Welcome to this instalment of The Essential Guide to British and Irish Family History! In this guide, we'll be looking at our collection of US newspapers, where to find them, how to use them and what they can tell us.
Findmypast is home to the largest online archive of British and Irish newspaper pages, but did you know we also host almost 120 million pages of newspapers from the US? What's more, the details in these newspapers can not only provide you with rich color about your ancestors' lives, but also fill in details like places of birth that can help you to break down Transatlantic brick walls.
The collection of US newspapers on Findmypast contains titles from all 50 states plus Washington D.C., Panama and the Virgin Islands. Titles include a variety of local papers, as well as national publications including the New York Times and the Washington Post.
We've put together a few tips and tricks to help you search our US newspaper collection so that you can find out more about your family and the world in which they lived.
To search our newspaper collection, sign into your Findmypast account, then click 'Search' at the top of the page:
Then, in the menu that drops down, select 'Newspapers and Periodicals':
This will take you to our newspapers screen. If you're logged in with a Findmypast.com account (as opposed to .co.uk, for example), your search will default to American newspapers. To make sure you're searching the US, look at the menu on the left of your screen, and ensure the 'US & World newspapers' box is checked. Beneath that checkbox, you'll see 'Narrow your search results'. Make sure 'United States' is selected.
Now you're all set to search!
As with most of the collections on Findmypast, it's generally better to start with a broader search and to then refine. If you're searching for details of an individual, this is what to do.
Start by searching their name. If you know what you're looking for, you can add it in the 'keywords' box, so for example:
If I'm searching the records for the maiden name of the wife of Bruce Ferguson in the records, but am not finding anything, I can search the newspapers, where the marriage may have been reported on. The search boxes above say, respectively, 'Bruce', 'Ferguson' and 'Marriage'. This will search our entire database, and so will return more results than we need.
In this case just over 1,000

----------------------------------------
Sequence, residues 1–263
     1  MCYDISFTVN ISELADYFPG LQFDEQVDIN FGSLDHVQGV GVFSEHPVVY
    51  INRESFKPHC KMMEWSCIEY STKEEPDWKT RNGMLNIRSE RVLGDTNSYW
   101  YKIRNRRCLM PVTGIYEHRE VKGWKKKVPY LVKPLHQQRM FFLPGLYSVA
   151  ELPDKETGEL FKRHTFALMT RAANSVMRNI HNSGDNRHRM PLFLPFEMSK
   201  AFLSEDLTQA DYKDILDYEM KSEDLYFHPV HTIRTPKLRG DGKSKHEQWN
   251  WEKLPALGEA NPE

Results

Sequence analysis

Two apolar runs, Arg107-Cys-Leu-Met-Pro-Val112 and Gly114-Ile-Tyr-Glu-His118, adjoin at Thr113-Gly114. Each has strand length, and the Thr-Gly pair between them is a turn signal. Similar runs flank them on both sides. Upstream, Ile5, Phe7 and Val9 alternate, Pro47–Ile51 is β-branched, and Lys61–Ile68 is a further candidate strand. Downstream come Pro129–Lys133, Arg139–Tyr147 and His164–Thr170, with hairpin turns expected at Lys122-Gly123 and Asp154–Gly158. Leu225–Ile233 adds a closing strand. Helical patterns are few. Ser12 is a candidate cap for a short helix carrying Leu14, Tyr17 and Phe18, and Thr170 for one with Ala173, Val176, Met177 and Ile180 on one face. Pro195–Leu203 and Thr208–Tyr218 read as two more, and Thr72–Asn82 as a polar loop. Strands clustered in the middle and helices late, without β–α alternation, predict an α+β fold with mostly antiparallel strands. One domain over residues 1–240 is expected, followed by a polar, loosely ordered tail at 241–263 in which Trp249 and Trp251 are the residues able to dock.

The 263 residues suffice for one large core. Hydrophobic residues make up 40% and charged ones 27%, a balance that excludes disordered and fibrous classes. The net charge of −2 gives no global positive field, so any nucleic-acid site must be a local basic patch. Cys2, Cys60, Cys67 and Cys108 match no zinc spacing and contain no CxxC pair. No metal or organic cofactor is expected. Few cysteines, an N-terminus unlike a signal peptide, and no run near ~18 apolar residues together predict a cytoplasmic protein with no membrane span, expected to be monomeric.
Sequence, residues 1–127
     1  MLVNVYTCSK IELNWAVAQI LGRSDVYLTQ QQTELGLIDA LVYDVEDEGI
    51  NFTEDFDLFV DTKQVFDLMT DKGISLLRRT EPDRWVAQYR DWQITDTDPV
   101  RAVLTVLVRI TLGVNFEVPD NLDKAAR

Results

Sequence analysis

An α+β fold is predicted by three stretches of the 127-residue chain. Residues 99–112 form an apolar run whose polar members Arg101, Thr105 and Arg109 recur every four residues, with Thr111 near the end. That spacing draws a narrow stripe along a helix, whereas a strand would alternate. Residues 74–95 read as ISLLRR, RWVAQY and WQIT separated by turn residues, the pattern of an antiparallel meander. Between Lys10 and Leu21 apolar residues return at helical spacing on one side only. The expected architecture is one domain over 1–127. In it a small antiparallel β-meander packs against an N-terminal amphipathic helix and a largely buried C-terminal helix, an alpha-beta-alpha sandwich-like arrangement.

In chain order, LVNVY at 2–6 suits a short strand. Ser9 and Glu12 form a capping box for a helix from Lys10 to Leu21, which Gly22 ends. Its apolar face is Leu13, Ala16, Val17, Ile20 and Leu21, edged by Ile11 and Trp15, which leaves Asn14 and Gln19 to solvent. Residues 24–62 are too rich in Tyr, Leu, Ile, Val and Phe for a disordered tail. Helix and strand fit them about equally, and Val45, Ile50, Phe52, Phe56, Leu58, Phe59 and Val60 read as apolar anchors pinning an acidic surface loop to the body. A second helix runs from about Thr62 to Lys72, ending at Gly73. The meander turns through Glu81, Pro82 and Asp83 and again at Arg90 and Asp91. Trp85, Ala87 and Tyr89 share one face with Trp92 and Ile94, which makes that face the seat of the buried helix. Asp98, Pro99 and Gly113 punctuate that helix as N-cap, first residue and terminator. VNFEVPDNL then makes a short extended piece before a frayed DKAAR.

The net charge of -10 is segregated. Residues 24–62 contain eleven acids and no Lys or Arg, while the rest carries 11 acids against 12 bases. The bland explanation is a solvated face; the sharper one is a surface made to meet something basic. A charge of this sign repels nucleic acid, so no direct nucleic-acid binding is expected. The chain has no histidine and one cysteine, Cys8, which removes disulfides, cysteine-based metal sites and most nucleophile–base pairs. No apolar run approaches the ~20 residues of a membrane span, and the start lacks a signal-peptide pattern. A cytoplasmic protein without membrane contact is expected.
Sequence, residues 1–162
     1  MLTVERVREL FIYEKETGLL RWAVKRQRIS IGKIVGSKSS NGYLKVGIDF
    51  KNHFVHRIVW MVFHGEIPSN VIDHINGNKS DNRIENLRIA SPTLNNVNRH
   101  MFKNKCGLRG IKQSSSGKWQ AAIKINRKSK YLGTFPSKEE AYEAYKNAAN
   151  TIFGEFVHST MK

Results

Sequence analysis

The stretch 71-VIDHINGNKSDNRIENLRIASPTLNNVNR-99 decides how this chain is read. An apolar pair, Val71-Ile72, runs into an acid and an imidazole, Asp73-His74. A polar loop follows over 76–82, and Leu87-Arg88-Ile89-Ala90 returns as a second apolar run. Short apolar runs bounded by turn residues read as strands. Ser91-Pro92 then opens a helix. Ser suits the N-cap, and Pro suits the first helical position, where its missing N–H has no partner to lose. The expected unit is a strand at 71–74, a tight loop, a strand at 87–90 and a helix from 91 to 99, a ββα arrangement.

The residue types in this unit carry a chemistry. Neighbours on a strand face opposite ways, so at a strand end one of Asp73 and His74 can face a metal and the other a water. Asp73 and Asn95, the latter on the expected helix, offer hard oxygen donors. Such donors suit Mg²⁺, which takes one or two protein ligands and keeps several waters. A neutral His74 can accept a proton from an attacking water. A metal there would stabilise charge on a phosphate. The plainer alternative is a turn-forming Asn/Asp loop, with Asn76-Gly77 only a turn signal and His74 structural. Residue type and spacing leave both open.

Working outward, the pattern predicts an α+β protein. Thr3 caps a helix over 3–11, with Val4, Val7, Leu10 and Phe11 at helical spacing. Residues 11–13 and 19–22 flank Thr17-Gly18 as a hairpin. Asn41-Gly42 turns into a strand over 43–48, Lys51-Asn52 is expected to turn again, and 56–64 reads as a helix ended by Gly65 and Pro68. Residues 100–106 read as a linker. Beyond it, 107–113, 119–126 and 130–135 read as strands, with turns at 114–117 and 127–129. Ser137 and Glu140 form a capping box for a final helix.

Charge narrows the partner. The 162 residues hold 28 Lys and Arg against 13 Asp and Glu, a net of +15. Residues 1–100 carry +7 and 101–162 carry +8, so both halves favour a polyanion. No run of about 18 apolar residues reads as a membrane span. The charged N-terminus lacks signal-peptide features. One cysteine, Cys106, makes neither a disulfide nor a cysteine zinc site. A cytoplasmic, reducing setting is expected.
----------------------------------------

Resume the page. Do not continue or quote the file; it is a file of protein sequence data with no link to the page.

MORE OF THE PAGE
This is where we begin to narrow it down. The ancestor we're looking for is known to be from Illinois, and married around 1903. Using the search tools on the left of the screen, we can click 'show filters' next to 'By state'.
And then select Illinois.
States are listed alphabetically, and you can also search for the state you want in the top right of this box
As I already know that Bruce's wife's first name is Clara, I could also add that to the keywords box at this stage.
In the date box, also on the left, enter '1903' and click 'update'.
This reduces the number of results to five. The first result takes us to the January 1, 1903 edition of the Decatur Herald, where we can see that Bruce Ferguson married a Clara Shasteen in September 1902.
Now I have my ancestor's date of marriage and the maiden name of his bride, opening up a new branch in my family tree. In some cases, the parents of the bride and the hometown of bride and/or groom will also be listed, creating the potential for you to discover the part of Ireland or Britain from whence your ancestors came, as in this example from the Boston Daily Glove, February 14, 1900. Note the richness of the information around Jeremiah O'Leary, we have an age, the year he immigrated and his place of birth!
This method can also apply to birth records (where parents and occasionally grandparents will be listed) and death records (which may include details like survived by/widow of etc.)
If a record is hard to read, click 'download page' and then view the PDF file using your computer's in-built reader, it should open using that program by default. This will allow you to zoom in further and highlight sections of the page.
If family lore dictates that a member of the family ran afoul of the law, or was a fugitive from justice, or anything else that is often spoke about but never proven, the newspapers offer the perfect chance to confirm or deny the rumors.
Using the same method above with your relative's name, try a few variations of keywords, like 'court', 'crime', 'jail', 'prison', 'robbery' and so on to see if anything comes up.
For example, if a Joseph Wilkins in your line in the 1880s was rumored to have been incarcerated, it's likely to have been reported on if the stories are true.
Spare a thought also for the family of George V. Karell DELPHOS WEEKLY HERALD DECEMBER 31, 1885
To find the above incident, one would search the name of the ancestor, along with the name of each of the penitentiaries at New York State at that time, in this case Auburn.
When searching our newspapers, it's crucial to finesse your search as much as you can, trying different keywords, searching nearby states if nothing shows up where you think it should and gradually whittling away the results until you have what you're looking for. It can be time-consuming, but the results are definitely worth it!